Growers try to navigate H-2A

Dan Wheat/Capital Press Three of eight, 12-man units of H-2A guestworker housing at McDougall and SonÕs T-11 Orchard northwest of Quincy, Wash., stand idle March 28 but will be full this season. The company has spent $5 million in five years on housing for 360 H-2A workers with some government help.

Fears of government audits tightens labor supply


Capital Press

More Washington state tree fruit growers will use H-2A guestworkers this year as a hedge against a potential picker shortage, the director of the Washington Farm Labor Association says.

Given last fall's estimated shortage of 2,000 to 4,500 pickers during apple harvest, growers worry large crops and greater enforcement against illegal immigration at the U.S.-Mexican border will leave them short-handed again, said Dan Fazio, director of the association in Olympia.

In 2011, 3,182 people were certified by the U.S. Department of Labor to work as H-2A workers in Washington. Most worked in tree fruit. That number will increase by at least 500 this year without even counting plans by some large companies, said Fazio, who assists growers with H-2A applications.

Under the H-2A guestworker program, the federal government allows companies to hire temporary workers from Mexico and other foreign countries.

He said he knows of five medium-sized growers using the program for the first time and 10 others who wanted to but decided it was too costly and cumbersome.

Growers will gain a few hundred workers by greater use of labor contractors and refugee workers, but they also are assembling and retaining crews earlier and paying more, Fazio said.

Paying more doesn't always work, said Dale Foreman, owner of Foreman Fruit Co., Wenatchee, and president of U.S. Apple Association. He said he couldn't get pickers last fall at $150 per day. He planned to use H-2A this year but concluded it's too expensive and unworkable.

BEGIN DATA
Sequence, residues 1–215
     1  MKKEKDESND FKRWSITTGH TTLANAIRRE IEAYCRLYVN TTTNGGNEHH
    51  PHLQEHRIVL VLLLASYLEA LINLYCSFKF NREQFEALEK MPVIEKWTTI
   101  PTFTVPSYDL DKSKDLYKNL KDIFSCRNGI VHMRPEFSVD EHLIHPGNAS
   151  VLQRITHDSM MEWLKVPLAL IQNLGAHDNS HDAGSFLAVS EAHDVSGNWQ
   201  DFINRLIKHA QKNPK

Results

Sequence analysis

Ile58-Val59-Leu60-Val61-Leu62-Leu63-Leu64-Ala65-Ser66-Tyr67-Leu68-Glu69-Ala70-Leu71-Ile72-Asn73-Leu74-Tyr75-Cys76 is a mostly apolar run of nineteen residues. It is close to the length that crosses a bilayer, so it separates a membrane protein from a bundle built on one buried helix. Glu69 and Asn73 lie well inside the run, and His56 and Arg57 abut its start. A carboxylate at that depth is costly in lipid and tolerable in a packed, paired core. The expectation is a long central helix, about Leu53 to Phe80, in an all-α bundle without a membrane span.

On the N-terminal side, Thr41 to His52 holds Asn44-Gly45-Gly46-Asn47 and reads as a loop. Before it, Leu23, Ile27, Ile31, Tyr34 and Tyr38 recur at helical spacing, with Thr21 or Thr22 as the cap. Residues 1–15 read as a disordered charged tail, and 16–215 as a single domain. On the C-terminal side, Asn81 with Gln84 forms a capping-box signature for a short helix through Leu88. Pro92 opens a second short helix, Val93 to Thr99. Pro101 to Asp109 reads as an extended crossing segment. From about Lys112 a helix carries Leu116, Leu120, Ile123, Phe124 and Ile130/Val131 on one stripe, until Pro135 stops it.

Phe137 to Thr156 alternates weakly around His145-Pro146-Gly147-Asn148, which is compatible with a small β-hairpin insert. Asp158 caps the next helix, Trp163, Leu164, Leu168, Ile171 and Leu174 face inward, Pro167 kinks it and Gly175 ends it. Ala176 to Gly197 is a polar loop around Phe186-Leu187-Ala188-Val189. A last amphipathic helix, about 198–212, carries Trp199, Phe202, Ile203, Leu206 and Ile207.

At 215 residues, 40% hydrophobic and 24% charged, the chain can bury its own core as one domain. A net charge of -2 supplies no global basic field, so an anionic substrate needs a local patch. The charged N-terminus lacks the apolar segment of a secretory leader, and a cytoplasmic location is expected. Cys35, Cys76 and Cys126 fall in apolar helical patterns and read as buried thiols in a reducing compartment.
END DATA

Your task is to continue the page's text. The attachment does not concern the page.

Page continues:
Now he's trying to establish networks with California growers to share workers but said it's a slow process.

Tree fruit growers from several states received good response lobbying Capitol Hill for H-2A reform on March 22 but were told it won't happen in this election year, Foreman said.

Stemilt AgServices, the orchard subsidiary of the state's largest tree fruit company, Stemilt Growers Inc., Wenatchee, hired 250 H-2A workers -- the most ever -- in 2009, said Andy Gale, Stemilt AgServices general manager. The company turned to farm labor contractors the last two years because H-2A was too expensive, he said.

This year, Stemilt is applying for 250 H-2A workers as a hedge against a shortage and as part of its total 1,200 orchard workers, Gale said.

"We've been tight even this spring," he said. "It could be difficult this summer. With the price of gas, people won't be as mobile. We could have fewer pickers from California."

McDougall & Sons Inc., Wenatchee, will try to avoid using prison inmates at $22 per hour to pick apples this year but doing so at the end of last season saved about $400,000 worth of high-value fruit, said Scott McDougall, co-president.

The company is adding housing for 60 more H-2A workers this year, bringing its total to 360, he said.

The prevailing wage requirement of H-2A contracts means growers have to pay the equivalent of at least $10.92 per hour and the same for any domestic workers hired during an H-2A contract period, McDougall said. That drives up wages for all workers, he said.

Fear of stepped up audits by Immigration and Custom Enforcement has companies, including McDougall & Sons, looking harder at I-9 employment eligibility documents before hiring people, McDougall said.

That's cutting down on some hiring and increasing the tightness of an already tight labor supply, he said.

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